Advanced Review – Secret Weapons, Turning Rejects Into Heroes
I got to read an advanced copy of Valiant's new title Secret Weapons. The concept is basic but good and has been tried a few times with mixed results. A group of people with powers that seem mundane or useless, but when they are pulled together and guided by the right person, they become far more powerful than the imagined. I even played with the concept a few years ago. The key here is that it's being done by Eric Heisserer, the screenwriter for Arrival and the upcoming Harbinger film. He's teamed with Raul Allen for what is an interesting and fast paced first issue.
It fits into the Valiant universe through Harada. When everything was released about him, it include information about a place called the Willows, a home for psiots whose powers seem less than spectacular. There is Nicole Finch, she can talk to birds (Ornipathy), Martin Tyus, he can make inanimate objects glow (Phosphene), and Owen Cho, a conjurer who can summon random objects, but he doesn't control when or what he summons. Someone is hunting these Psiots and Amanda McKee / Livewire has taken on the responsibility to save them.
When Heisserer spoke about this series at the Valiant Summit last week, he talked about how the book was a chance to showcase Livewire, a character he thinks deserves the spotlight. And the series does that, but it also gives a lot of depth two the other characters and he makes them far more than just victims needing to be rescue. Nicole is quite capable and uses her abilities in some very cool ways. Owen's power is completely random, but he is ready to jump in to help the others. Martin doesn't get much screen time yet, but I look forward to when he does. There are supposed to be six Psiots from the Willows, but we get the impression that one, Sonya, has already been killed and the creature hunting them is only give 4 targets. So another Psiot may be off the board already.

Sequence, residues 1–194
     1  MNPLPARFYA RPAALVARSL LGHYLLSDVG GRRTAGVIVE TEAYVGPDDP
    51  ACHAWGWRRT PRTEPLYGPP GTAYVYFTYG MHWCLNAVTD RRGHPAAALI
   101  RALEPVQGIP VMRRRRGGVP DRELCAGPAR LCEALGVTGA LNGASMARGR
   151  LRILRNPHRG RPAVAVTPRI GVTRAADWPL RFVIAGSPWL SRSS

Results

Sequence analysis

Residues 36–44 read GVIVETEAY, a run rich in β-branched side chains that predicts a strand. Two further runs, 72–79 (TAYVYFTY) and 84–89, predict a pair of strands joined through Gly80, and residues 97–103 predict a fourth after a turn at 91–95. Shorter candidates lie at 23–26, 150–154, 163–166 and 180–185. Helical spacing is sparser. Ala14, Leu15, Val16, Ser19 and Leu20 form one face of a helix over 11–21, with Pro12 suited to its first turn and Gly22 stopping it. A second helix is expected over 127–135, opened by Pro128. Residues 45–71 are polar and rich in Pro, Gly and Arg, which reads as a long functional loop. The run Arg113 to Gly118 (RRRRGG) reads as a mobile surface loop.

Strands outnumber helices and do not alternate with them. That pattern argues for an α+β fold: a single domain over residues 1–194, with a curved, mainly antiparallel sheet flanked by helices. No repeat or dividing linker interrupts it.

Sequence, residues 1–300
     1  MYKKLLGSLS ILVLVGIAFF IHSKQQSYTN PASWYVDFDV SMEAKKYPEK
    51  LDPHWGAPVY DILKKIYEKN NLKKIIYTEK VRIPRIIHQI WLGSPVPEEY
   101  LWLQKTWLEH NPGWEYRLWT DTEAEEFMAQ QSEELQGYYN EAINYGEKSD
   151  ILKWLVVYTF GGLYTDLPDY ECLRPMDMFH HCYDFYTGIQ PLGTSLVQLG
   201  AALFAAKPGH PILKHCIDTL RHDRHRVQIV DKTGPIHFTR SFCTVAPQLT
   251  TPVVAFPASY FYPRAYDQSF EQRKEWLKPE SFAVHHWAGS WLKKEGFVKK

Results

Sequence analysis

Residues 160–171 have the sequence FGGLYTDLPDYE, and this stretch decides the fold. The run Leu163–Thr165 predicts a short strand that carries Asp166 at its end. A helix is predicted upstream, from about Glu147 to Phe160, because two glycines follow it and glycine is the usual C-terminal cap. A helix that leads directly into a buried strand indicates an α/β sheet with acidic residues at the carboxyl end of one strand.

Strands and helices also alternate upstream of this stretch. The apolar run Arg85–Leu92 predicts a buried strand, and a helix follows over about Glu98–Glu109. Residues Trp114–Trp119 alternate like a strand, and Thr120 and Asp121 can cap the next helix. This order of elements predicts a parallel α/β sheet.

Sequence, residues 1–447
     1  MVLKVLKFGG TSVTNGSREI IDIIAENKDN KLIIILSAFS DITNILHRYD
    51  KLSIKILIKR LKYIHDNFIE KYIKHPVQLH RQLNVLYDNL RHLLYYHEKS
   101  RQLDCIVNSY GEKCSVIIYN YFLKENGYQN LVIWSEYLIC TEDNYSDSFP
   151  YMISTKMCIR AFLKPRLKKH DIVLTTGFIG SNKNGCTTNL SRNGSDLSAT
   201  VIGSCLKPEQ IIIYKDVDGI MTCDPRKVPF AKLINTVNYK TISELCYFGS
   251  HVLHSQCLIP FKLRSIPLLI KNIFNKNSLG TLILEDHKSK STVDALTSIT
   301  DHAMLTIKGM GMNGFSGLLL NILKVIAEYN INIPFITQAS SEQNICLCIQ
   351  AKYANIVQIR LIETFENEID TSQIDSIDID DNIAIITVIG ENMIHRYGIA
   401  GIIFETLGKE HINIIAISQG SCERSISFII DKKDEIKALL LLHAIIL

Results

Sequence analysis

Secret Weapons feels a little bit like the original New Warriors graphic novel crossed with the first issue of Harbinger. The characters are compelling and you get pulled into the story very quickly. Allen's art grounds the book, making it feel more realistic than a normal superhero story. This is the type of book Marvel used to do so well, the group of misfits and rejects pulled together to become heroes. Put this one on your pull list, you won't be disappointed.